Likely upcoming remote-controlled vessels and Maritime Autonomous Surface Ships (MASS) will force all members of the maritime sector and maritime nations to cooperate in ensuring a regulatory regime is in place that covers unmanned ships, according to a gathering at the Insurance institute of London (IIL) covered by Insurance Marine News.
Robert Veal, a research fellow at the University of Southampton, was introduced in the Old Library at Lloyd’s by Andrew Bardot, executive officer at International Group of P&I Clubs. Bardot noted that, relatively speaking, the technology of unmanned ships was the easy part; it was the regulatory framework that was going to prove difficult. “I think that the important thing for insurers is to get the legal and regulatory framework that will surround the operation of these ships and what effect that will have on insurers. Technology moves quickly. Regulation moves slowly”, Bardot said. He also noted that, although the lack of human error might be a silver lining for marine underwriters, it might turn out to be “a bit of a headache for liability underwriters”.
Veal discussed Rolls-Royce’s project to develop unmanned ships soon. He noted that unmanned vessels are not new, having been in use for many years by marine scientific research operations and the defence sector. The difference was that hitherto they had nearly all been small, less than 10 m in length. It was the potential introduction of 500 grt-plus vessels that would force a closer look at the existing regulatory framework.
It would clearly be an advantage if the vessels could be brought within existing frameworks, said Veal.
Broadly speaking, Veal said that the new technology could be split between remote-controlled vessels ad autonomous vessels. “For our purposes this binary distinction is critical”, said Veal. In principle, an unmanned vessel could legally be described as “a ship”, although the UN law of sea convention article 94, SOLAS regulation 14 chapter 5, COLREGS rules 2 and 5, and STCW chapter 8 all pose certain problems, particularly in the autonomous unmanned craft sector. COLREGS in particular, felt Veal, requires “contemporaneous human sentience”, although this did not necessarily entail a person being physically on board the ship. COLREGS specifically requires the ability to step outside the letter of the law if the person in charge (i.e., Master) felt that to do so would prevent an accident – a requirement currently beyond the capability of the algorithms in autonomous vessels. It could also be claimed, said Veal, that STCW does not apply in the case of unmanned ships, as its wording consistently refers to people being on board.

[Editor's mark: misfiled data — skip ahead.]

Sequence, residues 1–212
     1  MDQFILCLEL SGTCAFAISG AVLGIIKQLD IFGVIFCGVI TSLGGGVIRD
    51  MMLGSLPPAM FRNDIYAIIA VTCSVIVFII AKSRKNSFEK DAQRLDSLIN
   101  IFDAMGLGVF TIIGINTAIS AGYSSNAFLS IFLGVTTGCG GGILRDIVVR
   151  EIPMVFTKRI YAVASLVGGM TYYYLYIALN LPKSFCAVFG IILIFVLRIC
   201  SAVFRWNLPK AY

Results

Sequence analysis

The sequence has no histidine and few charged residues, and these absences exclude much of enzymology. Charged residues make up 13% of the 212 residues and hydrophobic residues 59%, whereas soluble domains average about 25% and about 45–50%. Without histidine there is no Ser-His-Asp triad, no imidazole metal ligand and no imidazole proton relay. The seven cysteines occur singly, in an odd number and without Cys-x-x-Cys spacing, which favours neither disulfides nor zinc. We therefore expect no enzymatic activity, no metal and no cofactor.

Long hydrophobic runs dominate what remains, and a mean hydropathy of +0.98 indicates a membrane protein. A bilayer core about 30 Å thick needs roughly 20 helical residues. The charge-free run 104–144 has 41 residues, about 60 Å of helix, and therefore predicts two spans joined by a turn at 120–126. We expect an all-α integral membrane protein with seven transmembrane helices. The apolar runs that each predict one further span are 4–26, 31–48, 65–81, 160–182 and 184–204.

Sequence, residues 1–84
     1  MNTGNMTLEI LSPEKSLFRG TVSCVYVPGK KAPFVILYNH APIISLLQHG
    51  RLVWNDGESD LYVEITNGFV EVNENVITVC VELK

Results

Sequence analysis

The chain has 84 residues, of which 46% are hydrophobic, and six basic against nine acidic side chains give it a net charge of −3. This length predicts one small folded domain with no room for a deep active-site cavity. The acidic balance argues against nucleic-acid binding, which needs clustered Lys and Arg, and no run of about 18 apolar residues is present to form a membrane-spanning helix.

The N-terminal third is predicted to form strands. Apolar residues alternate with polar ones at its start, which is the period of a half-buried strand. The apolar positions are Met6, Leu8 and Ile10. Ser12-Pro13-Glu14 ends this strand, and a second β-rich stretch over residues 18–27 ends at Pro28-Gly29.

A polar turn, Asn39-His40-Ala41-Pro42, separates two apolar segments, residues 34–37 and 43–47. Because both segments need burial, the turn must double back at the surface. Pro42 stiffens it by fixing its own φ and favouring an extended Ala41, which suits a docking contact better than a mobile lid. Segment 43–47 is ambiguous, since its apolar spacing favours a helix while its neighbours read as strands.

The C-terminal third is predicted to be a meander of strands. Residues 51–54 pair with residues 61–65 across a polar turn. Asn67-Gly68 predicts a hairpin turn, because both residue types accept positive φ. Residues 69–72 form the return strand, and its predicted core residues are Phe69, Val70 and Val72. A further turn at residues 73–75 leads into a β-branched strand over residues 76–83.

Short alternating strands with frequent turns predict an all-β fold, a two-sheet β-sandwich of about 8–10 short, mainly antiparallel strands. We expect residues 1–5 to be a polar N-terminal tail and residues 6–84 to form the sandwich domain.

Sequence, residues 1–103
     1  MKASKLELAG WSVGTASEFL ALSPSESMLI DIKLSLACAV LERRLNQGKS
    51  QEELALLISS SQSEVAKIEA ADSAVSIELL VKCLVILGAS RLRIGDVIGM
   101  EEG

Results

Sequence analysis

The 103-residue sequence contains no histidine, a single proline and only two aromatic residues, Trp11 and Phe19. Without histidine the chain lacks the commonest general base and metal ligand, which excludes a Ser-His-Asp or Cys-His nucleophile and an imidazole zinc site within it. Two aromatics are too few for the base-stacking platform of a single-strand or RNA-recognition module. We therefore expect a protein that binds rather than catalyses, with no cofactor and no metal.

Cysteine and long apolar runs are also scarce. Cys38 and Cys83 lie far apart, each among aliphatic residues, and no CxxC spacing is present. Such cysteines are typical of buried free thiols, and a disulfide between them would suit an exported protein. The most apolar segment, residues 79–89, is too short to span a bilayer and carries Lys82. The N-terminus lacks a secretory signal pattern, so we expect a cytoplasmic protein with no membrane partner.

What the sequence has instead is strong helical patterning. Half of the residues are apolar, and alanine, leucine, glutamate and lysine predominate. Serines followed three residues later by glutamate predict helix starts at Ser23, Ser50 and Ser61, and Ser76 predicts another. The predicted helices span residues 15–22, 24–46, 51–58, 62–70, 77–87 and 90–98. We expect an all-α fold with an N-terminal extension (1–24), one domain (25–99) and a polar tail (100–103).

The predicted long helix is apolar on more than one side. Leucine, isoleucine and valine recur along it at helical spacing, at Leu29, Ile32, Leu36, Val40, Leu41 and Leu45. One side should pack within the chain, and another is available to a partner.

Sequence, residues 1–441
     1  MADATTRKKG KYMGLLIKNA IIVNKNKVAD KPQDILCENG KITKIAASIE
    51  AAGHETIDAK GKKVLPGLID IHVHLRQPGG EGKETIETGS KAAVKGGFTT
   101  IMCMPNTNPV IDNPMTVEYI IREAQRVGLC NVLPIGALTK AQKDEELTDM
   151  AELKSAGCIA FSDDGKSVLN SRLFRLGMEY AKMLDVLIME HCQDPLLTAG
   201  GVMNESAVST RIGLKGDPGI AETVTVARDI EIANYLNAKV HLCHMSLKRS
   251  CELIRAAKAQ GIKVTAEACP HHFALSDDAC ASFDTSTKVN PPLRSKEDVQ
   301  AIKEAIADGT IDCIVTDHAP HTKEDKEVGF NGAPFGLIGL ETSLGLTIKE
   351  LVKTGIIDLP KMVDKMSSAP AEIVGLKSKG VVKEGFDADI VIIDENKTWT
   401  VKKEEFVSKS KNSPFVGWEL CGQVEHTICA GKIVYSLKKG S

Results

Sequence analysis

Veal concluded that for remote-controlled vessels, it was likely that the vessels would work within the internationally accepted standards and regulations. However, for autonomous vessels, where there would be no human mind ready to take over in real time, Veal felt that several amendments to important provisions would be needed.
Veal also noted that the commercial case for unmanned vessels was far from compelling, with crew costs now down to about a third of running costs. He also said that significant international cooperation would be needed, while at the moment there was little international dialogue on the issue.